Now the administration does claim the authority to punish a wide area of speech -- and I am frankly frightened by the scope of their claimed authority.

[Superintendent John] Harper said school districts across the state are having to deal with policy issues regarding Web sites like www.xanga.com . Many area schools, like Plainfield School District, are creating new guidelines for their student handbooks for next school year.

"Kids don't realize that if there is a connection with the school or has a potential of creating a disturbance to the school, they can be disciplined for it and they don't appreciate the personal threat to them for posting information on the Internet," Harper said. "It is our responsibility to educate kids and help them work through some of these issues."

Harper said students need to understand that the First Amendment does not give them "absolute authority to say whatever they want to say in any situation.

"The First Amendment doesn't give an individual the right to scream 'Fire' in a crowded theater and say that is protected by First Amendment rights," Harper said.

"Certainly things that are insulting to a school administrator or to a teacher are protected by the First Amendment rights," Harper continued. "We are looking at safety issues, potential disturbances to the school environment. Those are parameters, those are criteria we will look at when it comes to the issue.

"If we do have a student using inappropriate language on a Web site it is not our business. If they write obscenities in regards to one of our staff members that is grossly obscene, we feel that we would have the right to take action in that kind of case," Harper said.

I'm flabbergasted. First, he trots out the "fire in a crowded theater" analogy -- but then seems to extend it to any speech that the school dislikes on the basis that it could cause a disruption. Does this include a letter to the editor about the school? Would it include an interview by a television station? How about a call to a local talk radio station about events at school. It seem that the definition of "disruption" is "anything that paints the school in a bad light." And while there may be some extreme instances in which a school could act against a student who was grossly disrespectful to a teacher or administrator, it would probably have to be so extreme as to violate provisions of criminal or civil law before the school could act on such speech if it was engaged in off campus. So while Harper claims that he isn't out to control all off campus speech (ore even all off campus internet speech), I think the clear implication of his statement is that the school claims jurisdiction ofver all student speech which comes to its attention, whether it is speech at school or speech away from school.

Schools are supposed to prepare our students for life in a free and democratic society, one in which government is limited and citizens have broad rights to speak and write as they see fit, even if it criticizes or offends public officials. I therefore urge the Plainfield district to rethink its gross abrogation of the constitutional liberties of its students.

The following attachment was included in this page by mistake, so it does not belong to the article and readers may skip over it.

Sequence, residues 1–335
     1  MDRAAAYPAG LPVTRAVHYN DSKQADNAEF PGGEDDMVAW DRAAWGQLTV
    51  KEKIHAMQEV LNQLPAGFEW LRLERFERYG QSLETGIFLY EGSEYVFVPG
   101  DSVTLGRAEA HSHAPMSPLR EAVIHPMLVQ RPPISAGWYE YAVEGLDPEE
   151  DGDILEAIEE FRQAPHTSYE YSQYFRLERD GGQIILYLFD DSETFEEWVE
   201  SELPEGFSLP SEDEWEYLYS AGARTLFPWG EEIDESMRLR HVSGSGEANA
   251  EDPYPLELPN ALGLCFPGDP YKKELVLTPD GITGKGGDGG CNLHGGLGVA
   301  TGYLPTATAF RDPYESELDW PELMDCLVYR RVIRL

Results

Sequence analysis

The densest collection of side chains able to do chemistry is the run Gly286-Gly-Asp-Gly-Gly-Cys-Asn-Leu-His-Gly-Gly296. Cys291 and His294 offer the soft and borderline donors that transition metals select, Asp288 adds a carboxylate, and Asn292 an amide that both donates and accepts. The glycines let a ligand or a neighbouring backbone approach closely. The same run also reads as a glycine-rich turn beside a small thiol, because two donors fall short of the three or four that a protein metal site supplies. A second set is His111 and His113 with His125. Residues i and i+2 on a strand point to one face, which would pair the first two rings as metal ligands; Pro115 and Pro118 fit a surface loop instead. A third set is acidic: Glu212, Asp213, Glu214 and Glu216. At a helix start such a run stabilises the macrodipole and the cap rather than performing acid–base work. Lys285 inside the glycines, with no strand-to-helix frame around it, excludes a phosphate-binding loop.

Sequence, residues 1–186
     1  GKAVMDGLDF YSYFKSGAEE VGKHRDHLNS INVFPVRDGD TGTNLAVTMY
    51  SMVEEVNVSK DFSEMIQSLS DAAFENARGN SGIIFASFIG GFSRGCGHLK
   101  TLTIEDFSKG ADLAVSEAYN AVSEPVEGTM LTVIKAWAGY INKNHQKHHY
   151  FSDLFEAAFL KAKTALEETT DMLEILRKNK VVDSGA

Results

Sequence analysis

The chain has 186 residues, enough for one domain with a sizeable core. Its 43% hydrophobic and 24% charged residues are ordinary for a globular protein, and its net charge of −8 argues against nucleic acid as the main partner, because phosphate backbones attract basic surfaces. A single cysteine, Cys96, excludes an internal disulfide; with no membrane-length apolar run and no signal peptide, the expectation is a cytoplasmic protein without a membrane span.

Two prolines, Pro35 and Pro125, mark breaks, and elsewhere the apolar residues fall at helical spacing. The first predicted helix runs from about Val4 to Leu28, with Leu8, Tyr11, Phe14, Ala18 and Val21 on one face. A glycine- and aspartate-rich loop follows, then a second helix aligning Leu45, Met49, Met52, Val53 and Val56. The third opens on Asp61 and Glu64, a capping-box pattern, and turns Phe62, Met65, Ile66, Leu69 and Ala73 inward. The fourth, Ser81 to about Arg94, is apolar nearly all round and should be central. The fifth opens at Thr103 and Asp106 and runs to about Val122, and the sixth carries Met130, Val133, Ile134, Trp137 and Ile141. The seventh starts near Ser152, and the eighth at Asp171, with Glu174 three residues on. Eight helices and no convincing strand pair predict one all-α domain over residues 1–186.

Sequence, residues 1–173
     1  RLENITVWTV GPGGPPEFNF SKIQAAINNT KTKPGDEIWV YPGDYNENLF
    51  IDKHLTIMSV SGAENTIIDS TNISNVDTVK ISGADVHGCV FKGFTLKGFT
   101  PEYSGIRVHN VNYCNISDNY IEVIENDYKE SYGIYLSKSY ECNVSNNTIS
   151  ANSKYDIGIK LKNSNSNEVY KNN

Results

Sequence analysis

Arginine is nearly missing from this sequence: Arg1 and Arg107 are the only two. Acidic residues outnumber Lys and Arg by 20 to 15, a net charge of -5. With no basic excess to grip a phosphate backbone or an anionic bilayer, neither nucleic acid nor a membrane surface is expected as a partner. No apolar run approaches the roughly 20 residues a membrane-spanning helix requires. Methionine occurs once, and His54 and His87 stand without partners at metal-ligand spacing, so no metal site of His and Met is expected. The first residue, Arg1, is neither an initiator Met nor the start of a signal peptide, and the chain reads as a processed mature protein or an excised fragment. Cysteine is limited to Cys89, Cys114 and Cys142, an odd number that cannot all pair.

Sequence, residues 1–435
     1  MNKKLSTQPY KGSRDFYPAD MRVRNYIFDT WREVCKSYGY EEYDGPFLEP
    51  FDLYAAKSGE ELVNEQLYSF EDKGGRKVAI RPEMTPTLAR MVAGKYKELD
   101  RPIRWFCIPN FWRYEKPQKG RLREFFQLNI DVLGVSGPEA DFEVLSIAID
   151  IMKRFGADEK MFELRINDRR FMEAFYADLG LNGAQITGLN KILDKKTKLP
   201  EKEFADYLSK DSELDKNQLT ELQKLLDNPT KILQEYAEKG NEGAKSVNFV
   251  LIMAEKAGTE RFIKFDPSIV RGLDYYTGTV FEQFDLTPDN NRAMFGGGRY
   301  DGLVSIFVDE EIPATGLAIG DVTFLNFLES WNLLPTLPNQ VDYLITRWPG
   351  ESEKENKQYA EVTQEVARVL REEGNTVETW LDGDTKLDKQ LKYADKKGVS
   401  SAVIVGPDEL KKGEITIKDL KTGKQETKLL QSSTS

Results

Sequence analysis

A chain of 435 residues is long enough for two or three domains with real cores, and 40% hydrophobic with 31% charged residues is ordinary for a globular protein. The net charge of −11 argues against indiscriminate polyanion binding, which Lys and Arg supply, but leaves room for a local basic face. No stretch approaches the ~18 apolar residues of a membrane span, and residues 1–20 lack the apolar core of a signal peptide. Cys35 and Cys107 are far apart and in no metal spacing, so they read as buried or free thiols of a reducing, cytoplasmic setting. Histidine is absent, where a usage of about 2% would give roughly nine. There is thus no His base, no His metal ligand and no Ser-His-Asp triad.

And I urge the student, who goes by the handle Heckler3672bro, to write a thank you note to Superintendent Harper and his building administrators for the college scholarship money that he will be receiving from the district following the conclusion of his lawsuit against the district.

OPEN TRACKBACKING TO: Free Constitution, Blue Star Chronicles, Bacon Bits, Conservative Cat, Freedom Watch, Stop The ACLU, Stuck on Stupid



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Comments on Blog About School, Get Expelled

I've given permission for someone who I had banned from the site to post a comment -- she sent me a reasonable response to what I had written and I think it merits inclusion here. For that matter, her decision to moderate her tone and approach me with a classy, contrite, and humble apology and explanation has led me to begin reassessing our prior communication.

So welcome back, Kim.

|| Posted by Rhymes With Right, May 25, 2006 05:08 AM ||

Did you read his Xanga "blog"? The kid is obviously not an "upstanding Student", and he's partially illiterate. For Chrissakes, he QUOTED EMINEM!("Sue Me"-from an album intro). He threatened his school, and people in it. I think we both know he's not likely to act on it, he's not smart enough.(Which might be an implement to carrying out a "columbine", now that I think about it). However, such threats aren't to be taken lightly. At the very least, they should make an example of him. As a high-school student, one of my worst fears is walking into the cafeteria one day to find some pothead holding an AK-47.(As a Teacher, I'm sure you feel the same).
Anyway, what I'm getting to is, Why would you support this guy as a person, let alone as a teacher?

|| Posted by Kim, May 25, 2006 01:34 PM ||

Welcome back, Kim.

I saw a very, VERY vague threat in his remark. Something that definitely doesn't warrant suspension, though.

He made a columbine reference and mentioned "backlash." In my mind, the kid was completely right. There should be no punishment what so ever done by the school based on what happens outside of school on a non-school-related website.